EML4-ALK Mutation

Hi,

My name is Kevin Brumett. In August of 2007, I was diagnosed with stage IIIa/b Non-Small Cell Lung Cancer at the age of 29. As it always is when being diagnosed with any form of cancer, I was shocked. I was especially concerned because of the lack of information that exists surrounding lung cancer and the extremely poor survival statistics. I am a lifelong non-smoker and I have always remained active in sports and athletics. I'm writing today because I want every single patient who has been diagnosed with non-small cell lung cancer to tell your doctors that you want to have your tumors biopsied and tested for every type of genetic mutation that they know of, especially the EML4-ALK mutation. I had been on six cycles of Cisplatin/Alimta with minimal results. I then had two months off before taking Tarceva with negative results. I then went on two more cycles of Alimta. As I was on Alimta the last time, my oncologists and pathologists discovered that the EML4-ALK mutation exists in the tumors in my body. It is very weird to think about it now, but the timing of this was impeccable because a clinical trial was open through the Harvard medical system up here in Boston, MA for a study of a inhibitor drug that targets the EML4-ALK mutation. I started the drug on June 5th. I went over the scan results yesterday with my clinical trial team to compare with the baseline scans taken before beginning the clinical trial. To say that the drug is working...is an understatement. The tumor is dead from the inside out, which is called necrotic cell death. The left side of my lung, which was shrouded in a cloud when viewing the baseline CT scan, is now showing more signs of it becoming clear. Substantial response. I hope that the drug continues to destroy these tumors that are located in my left lung and pleura. The lymphatic activity has also decreased significantly as well. If any of you have biopsies, I urge you to tell your doctors that you want them tested for genetic mutations such as EGFR, K-RAS, EML4-ALK and every other known mutation. The drug's side effects are minimal with diarrhea once a week and some nausea at the beginning but your body gets used to it. The side-effects are MUCH more tolerable than platinum based chemotherapies.

I am receiving treatment at Beth Israel Medical Center in Boston, Massachusetts. I am also consulting with lung cancer specialists at the Dana Farber Cancer Institute in Boston, MA and a lung cancer specialist at Memorial Sloan-Kettering located in New York City.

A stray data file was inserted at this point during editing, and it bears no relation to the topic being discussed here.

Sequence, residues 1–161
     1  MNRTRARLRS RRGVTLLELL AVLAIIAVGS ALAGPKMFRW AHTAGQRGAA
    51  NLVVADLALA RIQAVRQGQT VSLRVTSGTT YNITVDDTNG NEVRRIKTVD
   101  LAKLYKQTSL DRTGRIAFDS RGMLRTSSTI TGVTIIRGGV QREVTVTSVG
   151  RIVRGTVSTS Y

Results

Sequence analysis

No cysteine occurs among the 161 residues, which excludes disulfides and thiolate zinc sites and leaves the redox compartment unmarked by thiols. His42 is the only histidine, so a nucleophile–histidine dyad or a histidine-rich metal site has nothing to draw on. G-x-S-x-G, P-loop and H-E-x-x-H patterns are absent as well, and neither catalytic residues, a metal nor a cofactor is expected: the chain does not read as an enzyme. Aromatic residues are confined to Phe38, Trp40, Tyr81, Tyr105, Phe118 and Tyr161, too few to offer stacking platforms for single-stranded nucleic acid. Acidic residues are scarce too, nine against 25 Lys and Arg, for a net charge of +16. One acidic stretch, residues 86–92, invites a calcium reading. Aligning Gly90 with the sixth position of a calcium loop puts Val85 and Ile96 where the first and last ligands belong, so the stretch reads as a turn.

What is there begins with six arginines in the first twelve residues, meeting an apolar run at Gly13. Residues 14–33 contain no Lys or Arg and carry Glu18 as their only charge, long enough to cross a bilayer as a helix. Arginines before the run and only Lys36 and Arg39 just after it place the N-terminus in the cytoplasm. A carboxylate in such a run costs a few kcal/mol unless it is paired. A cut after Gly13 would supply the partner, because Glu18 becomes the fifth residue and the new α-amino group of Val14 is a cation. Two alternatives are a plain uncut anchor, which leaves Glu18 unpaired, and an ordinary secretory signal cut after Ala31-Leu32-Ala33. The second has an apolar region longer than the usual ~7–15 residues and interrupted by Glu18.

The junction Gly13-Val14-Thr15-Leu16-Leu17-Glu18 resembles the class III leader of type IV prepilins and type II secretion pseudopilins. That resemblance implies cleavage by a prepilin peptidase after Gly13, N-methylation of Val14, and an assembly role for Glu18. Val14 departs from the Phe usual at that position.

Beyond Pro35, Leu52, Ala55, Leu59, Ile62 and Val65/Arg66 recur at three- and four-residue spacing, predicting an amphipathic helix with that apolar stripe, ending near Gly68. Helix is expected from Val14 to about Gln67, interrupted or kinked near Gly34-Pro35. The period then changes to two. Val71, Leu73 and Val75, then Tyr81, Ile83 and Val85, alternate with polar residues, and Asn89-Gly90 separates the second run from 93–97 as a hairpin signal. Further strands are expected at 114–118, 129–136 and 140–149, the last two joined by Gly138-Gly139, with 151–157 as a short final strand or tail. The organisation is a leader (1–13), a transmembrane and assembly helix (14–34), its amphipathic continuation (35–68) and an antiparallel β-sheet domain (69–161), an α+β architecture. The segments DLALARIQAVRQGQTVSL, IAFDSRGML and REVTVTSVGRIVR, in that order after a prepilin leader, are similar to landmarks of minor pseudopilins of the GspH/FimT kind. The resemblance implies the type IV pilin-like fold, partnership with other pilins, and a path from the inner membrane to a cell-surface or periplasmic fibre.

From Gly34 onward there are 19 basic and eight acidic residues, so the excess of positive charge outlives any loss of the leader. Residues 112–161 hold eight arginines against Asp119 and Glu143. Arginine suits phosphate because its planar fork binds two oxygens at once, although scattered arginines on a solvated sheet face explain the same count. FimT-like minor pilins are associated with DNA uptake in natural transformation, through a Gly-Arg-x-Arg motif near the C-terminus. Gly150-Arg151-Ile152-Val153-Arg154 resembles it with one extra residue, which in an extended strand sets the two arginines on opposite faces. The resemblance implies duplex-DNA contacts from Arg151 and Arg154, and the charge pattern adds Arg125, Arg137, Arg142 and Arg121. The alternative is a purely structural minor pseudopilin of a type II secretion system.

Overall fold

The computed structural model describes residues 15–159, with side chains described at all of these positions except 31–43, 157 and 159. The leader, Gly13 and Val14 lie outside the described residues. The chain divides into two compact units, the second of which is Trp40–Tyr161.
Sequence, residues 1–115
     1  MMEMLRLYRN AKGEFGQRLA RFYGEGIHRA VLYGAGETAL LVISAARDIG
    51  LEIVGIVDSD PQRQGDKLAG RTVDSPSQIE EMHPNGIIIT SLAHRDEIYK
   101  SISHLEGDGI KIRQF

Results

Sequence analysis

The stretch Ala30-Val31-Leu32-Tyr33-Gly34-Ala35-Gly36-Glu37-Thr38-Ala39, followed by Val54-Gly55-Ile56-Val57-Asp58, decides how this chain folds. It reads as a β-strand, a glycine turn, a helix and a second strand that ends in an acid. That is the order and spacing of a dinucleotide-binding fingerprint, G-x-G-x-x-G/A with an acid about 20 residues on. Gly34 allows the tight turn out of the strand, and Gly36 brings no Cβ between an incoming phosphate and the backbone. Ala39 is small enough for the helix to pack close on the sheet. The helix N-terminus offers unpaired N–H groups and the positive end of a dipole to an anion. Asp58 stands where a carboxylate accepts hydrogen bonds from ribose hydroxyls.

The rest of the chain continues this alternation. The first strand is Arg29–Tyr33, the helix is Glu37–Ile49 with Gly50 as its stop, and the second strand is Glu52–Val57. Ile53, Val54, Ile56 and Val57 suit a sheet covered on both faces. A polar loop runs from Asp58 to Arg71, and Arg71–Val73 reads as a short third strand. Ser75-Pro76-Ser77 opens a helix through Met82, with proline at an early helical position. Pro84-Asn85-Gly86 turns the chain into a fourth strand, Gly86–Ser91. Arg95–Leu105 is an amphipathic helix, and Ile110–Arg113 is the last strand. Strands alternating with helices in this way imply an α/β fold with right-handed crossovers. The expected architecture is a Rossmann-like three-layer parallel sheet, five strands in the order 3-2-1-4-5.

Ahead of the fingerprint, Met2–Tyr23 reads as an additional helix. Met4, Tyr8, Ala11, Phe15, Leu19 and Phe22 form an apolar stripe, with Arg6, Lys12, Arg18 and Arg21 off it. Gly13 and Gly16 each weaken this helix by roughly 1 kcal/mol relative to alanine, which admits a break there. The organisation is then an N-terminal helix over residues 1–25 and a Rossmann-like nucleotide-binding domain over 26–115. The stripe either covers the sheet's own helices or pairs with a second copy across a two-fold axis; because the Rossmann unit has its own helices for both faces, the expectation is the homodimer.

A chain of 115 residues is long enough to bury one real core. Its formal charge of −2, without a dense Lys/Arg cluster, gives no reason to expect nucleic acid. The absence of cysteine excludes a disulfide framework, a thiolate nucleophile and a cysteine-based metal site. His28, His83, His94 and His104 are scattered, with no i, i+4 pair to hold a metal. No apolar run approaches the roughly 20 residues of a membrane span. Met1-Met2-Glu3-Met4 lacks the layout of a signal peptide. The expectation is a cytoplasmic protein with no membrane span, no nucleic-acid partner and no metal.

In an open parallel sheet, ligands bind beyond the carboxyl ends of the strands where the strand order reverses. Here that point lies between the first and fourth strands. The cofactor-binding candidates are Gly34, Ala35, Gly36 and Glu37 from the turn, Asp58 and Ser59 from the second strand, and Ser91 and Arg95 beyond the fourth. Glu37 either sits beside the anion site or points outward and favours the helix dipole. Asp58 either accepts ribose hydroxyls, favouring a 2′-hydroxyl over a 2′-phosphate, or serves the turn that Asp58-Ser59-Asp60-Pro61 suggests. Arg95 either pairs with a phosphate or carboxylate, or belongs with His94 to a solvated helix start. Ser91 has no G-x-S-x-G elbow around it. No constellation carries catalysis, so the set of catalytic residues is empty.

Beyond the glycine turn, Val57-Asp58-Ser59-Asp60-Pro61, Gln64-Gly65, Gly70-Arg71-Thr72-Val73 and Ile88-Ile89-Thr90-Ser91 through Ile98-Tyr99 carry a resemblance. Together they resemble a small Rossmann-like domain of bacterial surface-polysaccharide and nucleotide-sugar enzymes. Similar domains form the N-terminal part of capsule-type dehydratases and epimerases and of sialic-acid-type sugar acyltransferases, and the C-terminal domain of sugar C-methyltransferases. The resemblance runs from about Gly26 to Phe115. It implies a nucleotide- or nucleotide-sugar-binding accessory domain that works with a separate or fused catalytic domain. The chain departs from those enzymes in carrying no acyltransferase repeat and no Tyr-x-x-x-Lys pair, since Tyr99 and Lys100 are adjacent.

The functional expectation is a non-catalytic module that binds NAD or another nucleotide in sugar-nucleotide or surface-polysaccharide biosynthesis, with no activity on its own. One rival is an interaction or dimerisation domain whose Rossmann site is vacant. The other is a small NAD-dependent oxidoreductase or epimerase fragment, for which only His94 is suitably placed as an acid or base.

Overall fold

If anyone wants to email me, my email is kevin_brumett@yahoo.com.

Take care and stay strong,
Kevin

Report post

74 replies. Join the discussion

Thanks for the info Kevin! I'm so happy to hear of your positive results. Does anyone know if they routinely check tumors (especially when surgically removed) to see what chemos they react to and for at least EGFR? I have heard conflicting things.

Kevin, I hope your next scan is even more positive than this. Good luck with your treatment and stay positive!

Linda

Report post

That's great news, Kevin!

When I was at ASCO with LCA this year, I attended a lot of the lung cancer sessions, and I was amazed by what's going on with biomarker testing. We are seriously around the corner from some amazing personalized medicine. We work with another company to provide a clinical trials matching service for lung cancer patients. I would encourage people to call and find out what kinds of clinical trials are going on related to biomarkers and genetic testing. Even if you are at day one of your diagnosis, you shoudl know what's out there because a lot of these trials and studies rely on tumor samples, and oftentimes when you have a biopsy or even if you have surgery, the samples aren't saved well. So in a way, it's important to know what's out there so you can say to the doctor "listen - I need a good tumor sample for this trial, so don't screw up. "